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SEMICOLONS AND COLONS
Ellipsis Points | Dashes and Hyphens | Parentheses
* Capitalization * | Easily Confused Words
SEMICOLONSThe semicolon is stronger than a comma but weaker than a period. While it can be used (at times) in lieu of a comma, its primary role is closer to that of a period. Its most common use is between two independent clauses (complete sentences) not joined by a conjunction.
Semicolons may be used within dialogue. There is no rule to support otherwise (at least that I have found so far). Also note that the clause that follows the semicolon is not capitalized, with the exception of proper nouns, of course.
#1 Before an adverbThe following adverbs, among others, should be preceded by a semicolon when the adverb is used transitionally between two independent clauses (complete sentences): then, however, thus, hence, indeed, accordingly, besides, and therefore.
"I think, therefore I am" (Descartes) remains an exception to this rule.
#2 Before a conjunctionAn independent clause (complete sentence) introduced by a conjunction may be preceded by a semicolon, especially when the independent clause has internal punctuation.
#3 In a seriesWhen items in a series involve internal punctuation, it is less confusing to use semicolons to separate the items instead of commas.
#4 With "that is" and the likeA semicolon may be used before expressions such as that is or namely.
#5 With parentheses or bracketsSemicolons always follow the closing parentheses or bracket.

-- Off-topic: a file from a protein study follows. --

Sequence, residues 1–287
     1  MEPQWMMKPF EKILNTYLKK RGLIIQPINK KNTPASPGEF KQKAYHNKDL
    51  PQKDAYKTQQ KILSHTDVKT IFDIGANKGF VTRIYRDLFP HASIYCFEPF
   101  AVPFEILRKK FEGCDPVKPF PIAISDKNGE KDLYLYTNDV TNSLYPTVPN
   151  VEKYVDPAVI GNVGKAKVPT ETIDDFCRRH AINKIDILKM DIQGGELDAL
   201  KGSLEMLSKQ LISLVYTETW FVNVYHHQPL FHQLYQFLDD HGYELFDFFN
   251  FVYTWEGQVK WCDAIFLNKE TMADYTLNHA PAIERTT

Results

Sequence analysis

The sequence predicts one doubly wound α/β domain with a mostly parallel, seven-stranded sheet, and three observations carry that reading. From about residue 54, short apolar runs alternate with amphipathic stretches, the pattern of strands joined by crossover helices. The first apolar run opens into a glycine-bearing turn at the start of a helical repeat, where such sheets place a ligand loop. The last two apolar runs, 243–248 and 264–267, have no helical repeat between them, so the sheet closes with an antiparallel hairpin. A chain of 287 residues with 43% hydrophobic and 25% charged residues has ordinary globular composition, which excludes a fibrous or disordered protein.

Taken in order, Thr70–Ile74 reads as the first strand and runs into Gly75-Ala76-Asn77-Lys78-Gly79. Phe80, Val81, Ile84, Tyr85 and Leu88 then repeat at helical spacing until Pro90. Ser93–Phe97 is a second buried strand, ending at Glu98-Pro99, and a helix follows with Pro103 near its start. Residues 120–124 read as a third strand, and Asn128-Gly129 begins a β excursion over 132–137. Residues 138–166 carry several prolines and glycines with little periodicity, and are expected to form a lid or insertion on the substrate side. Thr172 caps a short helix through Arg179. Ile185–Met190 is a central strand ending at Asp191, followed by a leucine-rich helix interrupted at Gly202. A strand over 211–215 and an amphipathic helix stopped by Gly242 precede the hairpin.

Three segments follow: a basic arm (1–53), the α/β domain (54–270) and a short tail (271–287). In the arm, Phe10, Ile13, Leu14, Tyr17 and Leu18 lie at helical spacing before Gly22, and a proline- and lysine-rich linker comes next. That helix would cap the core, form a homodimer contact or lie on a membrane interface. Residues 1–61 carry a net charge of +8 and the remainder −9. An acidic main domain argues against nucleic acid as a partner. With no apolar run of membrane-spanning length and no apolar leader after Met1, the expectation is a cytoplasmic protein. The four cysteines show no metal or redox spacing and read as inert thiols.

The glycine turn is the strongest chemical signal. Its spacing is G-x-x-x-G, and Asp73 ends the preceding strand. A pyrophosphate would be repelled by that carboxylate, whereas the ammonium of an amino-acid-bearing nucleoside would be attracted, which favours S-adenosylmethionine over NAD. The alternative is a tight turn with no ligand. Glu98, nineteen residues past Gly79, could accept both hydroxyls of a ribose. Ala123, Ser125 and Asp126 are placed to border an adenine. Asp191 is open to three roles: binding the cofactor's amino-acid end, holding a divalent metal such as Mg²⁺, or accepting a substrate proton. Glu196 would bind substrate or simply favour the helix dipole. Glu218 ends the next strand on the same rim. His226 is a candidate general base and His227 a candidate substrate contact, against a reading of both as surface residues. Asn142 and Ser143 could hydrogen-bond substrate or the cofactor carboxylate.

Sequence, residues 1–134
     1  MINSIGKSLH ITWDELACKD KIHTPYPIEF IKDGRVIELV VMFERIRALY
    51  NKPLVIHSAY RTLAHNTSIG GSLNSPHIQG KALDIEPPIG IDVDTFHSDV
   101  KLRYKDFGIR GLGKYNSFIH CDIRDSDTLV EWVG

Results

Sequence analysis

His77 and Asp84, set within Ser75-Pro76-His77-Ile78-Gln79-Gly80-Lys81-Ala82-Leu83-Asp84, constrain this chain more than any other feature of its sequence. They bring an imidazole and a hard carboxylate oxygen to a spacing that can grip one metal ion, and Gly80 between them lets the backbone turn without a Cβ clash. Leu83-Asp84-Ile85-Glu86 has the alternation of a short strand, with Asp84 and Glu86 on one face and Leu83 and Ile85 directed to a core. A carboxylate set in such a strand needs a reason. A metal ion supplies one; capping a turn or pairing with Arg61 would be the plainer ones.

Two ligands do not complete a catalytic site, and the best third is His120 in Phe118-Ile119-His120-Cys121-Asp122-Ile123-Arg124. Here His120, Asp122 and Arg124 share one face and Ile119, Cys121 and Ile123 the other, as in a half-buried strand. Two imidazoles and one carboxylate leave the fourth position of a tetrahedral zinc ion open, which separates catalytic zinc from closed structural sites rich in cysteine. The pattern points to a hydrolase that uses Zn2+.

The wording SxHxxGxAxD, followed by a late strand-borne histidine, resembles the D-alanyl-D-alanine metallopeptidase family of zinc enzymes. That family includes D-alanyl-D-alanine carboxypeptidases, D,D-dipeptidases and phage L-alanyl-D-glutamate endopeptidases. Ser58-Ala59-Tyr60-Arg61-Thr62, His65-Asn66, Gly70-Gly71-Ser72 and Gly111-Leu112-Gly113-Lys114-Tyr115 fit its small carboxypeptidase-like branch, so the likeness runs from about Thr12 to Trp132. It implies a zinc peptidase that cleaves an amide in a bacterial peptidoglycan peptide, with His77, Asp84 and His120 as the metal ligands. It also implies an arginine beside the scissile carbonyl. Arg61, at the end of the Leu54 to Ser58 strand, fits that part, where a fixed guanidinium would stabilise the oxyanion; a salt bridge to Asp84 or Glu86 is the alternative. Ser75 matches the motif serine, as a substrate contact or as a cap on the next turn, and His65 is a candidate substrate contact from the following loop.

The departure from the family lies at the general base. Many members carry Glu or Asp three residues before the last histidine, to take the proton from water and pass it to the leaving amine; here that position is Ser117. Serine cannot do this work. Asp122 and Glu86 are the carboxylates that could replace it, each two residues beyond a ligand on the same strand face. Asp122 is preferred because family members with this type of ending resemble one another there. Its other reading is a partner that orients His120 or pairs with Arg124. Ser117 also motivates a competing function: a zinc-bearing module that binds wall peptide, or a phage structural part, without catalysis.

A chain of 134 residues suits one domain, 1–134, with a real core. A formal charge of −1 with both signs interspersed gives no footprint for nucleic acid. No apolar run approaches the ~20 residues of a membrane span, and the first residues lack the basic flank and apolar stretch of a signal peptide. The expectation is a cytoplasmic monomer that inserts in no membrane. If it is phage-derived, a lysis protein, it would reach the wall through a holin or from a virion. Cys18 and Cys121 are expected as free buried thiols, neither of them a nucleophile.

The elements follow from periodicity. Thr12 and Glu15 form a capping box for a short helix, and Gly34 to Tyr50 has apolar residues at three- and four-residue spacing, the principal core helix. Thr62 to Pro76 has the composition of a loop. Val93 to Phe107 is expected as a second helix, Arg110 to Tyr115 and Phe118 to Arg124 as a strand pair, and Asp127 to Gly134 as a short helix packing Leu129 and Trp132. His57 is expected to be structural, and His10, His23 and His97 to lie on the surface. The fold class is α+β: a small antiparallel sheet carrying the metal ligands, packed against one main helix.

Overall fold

#1 In a seriesA colon introduces an element or a series of elements that describe what precedes the colon. Between independent clauses (complete sentences), it functions much like a semicolon though more strongly emphasizes sequence. It can be used in leiu of a period to introduce a series of related sentences.
#2 Capitalization after a colonWhen a colon is used within a sentence, like in the first two examples above, the first word following it is lowercased unless it is a proper name. When a colon introduces two or more sentences, like the third example above, or introduces a speech in dialogue or an extract, the first word following it is capitalized.
However, when the (complete) sentence following a colon is lengthy and distinctly different from what precedes the colon, it is often capitalized.
#3 With "as follows" and the likeA colon is normally used after as follows, the following, and similar expressions.
#4 With parentheses or bracketsColons always follow the closing parentheses or bracket.
#5 Inappopriate use of colons
The Patronus skin was created especially for The Petulant Poetess by TarahFae.